- The Washington Times - Tuesday, September 16, 2003

NEW YORK — The United States yesterday vetoed an Arab-backed resolution in the U.N. Security Council seeking to protect Palestinian leader Yasser Arafat from expulsion by Israel, calling the text a “lopsided condemnation” of the Jewish state.

Eleven members of the 15-nation council voted for the resolution while Germany, Bulgaria and Britain abstained from the vote.

Council member Syria insisted on holding the vote yesterday afternoon, despite requests from some members for more time to form a consensus.

“This resolution did not take a clear stand against the actions of these terrorist groups, nor call for decisive action against them,” said U.S. Ambassador John Negroponte.

Mr. Negroponte was referring to groups such as Hamas, Islamic Jihad and the Al Aqsa Martyrs Brigade.

He added: “The Palestinian Authority must take action to remove the capability of extremist groups to conduct terrorist outrages.”

In Gaza City, Palestinians condemned the U.S. veto.

“This American veto can only encourage a military escalation by giving the Israeli government the feeling that it has an American green light for new anti-Palestinian aggressions,” Nabil Abu Rudeina, an adviser to Mr. Arafat, told Agence France-Presse.

Yesterday’s draft was officially co-sponsored by council members Syria and Pakistan. It was drafted by the Arab League on Friday, hours after the Israeli Security Cabinet voted expel Mr. Arafat without setting a date for his departure.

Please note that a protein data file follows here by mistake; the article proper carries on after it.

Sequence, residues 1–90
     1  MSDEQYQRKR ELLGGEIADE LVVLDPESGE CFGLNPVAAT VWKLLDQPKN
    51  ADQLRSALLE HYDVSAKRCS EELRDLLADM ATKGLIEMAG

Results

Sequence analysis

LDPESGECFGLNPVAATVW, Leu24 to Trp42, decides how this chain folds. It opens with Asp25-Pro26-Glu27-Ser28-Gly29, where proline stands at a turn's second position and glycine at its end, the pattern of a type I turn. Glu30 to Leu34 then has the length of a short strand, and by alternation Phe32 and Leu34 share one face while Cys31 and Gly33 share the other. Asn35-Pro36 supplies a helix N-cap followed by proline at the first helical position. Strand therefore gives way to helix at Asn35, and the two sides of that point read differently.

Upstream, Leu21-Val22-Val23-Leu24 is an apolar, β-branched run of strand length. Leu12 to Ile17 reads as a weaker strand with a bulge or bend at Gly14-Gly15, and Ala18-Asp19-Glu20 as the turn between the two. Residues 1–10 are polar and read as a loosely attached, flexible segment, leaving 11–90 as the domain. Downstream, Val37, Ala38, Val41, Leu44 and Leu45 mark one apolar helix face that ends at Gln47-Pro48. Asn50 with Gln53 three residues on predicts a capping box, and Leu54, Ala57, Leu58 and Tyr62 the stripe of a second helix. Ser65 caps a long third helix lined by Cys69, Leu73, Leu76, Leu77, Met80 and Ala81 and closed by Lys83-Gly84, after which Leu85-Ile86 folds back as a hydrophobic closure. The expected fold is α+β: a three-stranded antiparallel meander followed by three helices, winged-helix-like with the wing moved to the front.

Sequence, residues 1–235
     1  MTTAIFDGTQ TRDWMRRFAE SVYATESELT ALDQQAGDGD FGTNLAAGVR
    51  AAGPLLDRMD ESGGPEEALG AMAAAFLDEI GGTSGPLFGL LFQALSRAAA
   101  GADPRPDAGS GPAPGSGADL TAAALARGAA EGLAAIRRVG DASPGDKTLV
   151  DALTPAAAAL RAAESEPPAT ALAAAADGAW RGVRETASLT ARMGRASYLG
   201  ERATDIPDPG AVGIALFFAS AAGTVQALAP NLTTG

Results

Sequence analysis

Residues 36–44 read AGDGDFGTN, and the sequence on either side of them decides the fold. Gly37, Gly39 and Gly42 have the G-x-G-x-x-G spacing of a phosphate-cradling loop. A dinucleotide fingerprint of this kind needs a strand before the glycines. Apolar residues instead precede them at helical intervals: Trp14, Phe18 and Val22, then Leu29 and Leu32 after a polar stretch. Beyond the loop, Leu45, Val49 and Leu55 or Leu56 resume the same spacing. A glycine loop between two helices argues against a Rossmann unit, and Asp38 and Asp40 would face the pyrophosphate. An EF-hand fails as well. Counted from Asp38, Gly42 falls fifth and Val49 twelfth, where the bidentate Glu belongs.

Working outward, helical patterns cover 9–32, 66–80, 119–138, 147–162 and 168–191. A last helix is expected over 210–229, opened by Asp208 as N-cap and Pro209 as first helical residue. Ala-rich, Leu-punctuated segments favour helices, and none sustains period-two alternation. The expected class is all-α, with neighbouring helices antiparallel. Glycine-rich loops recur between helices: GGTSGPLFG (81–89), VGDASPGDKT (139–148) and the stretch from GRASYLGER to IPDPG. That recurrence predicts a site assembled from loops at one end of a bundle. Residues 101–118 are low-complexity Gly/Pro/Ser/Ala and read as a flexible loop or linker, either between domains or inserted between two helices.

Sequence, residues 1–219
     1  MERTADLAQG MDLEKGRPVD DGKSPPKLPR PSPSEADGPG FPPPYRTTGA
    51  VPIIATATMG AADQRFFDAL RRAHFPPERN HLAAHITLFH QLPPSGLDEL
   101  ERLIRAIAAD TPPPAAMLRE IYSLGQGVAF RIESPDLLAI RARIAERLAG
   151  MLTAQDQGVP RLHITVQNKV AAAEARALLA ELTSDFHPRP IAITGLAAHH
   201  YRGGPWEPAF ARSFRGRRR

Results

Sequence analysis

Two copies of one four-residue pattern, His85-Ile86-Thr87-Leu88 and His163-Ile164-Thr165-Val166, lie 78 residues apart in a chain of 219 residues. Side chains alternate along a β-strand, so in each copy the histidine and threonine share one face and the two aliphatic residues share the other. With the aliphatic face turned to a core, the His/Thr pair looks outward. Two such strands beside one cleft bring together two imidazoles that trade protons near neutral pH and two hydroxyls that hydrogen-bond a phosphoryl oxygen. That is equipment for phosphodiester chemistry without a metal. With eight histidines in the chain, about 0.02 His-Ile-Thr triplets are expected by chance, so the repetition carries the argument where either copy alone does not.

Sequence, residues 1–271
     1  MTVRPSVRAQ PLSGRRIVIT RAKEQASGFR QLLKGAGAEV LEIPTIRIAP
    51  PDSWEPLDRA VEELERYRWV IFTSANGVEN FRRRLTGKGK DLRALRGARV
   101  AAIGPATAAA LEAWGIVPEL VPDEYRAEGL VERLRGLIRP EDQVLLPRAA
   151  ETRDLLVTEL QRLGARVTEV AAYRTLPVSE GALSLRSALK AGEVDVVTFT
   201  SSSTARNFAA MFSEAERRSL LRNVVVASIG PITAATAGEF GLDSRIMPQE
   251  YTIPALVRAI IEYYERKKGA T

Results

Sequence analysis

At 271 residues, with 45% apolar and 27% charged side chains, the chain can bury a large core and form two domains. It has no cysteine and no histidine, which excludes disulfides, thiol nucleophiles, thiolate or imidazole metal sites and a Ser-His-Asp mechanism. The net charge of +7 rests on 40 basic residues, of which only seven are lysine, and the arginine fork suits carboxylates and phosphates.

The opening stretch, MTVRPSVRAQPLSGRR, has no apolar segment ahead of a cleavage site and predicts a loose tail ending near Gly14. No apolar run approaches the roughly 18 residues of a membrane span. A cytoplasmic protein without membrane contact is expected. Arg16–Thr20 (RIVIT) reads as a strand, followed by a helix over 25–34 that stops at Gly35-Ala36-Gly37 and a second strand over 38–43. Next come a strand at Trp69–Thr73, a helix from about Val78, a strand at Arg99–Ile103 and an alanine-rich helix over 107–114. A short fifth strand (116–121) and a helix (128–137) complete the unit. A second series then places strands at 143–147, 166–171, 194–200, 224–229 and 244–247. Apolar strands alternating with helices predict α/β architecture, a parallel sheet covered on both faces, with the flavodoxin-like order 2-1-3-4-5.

French Ambassador Jean-Marc de la Sabliere said Paris supported the resolution.

“We regret the outcome of this vote,” said the ambassador. “It is a seriously counterproductive result.”

On Monday, the council held a daylong, highly critical debate of Israel’s decision to expel Mr. Arafat. Nearly all of the three-dozen speakers condemned the decision

Yesterday’s discussion grew unusually rancorous when the Israeli and Palestinian representatives lobbed insults at each other.

“This is a debate that should never have taken place,” Dan Gillerman, Israel’s U.N. representative, told reporters.

Palestinian envoy Nasser al Kidwa reminded the council and all observers that yesterday was the 21st anniversary of the killing of thousands of Palestinians in Sabra and Shatila refugee camps in Lebanon.

The three-day massacre was carried out by Lebanese Christian militias then allied with the Israeli army. Prime Minister Ariel Sharon, a general at the time, commanded the Israeli forces in Lebanon.

In the Mideast, meanwhile, Israeli officials rebuffed Palestinian proposals for a new cease-fire, saying the military would not halt strikes in the West Bank and Gaza Strip until Palestinian security forces begin dismantling militant groups.

The Palestinian offer came in an interview on Israel Radio by Mr. Arafat’s national security adviser, Jibril Rajoub, who said that if Israel reined in its military, the Palestinian Authority would bring an end to terror attacks and work toward talks on a final peace settlement.

Israeli Justice Minister Yosef “Tommy” Lapid told the Foreign Press Association in Jerusalem: “This is not the type of cease-fire which may entice us to change our policy.”

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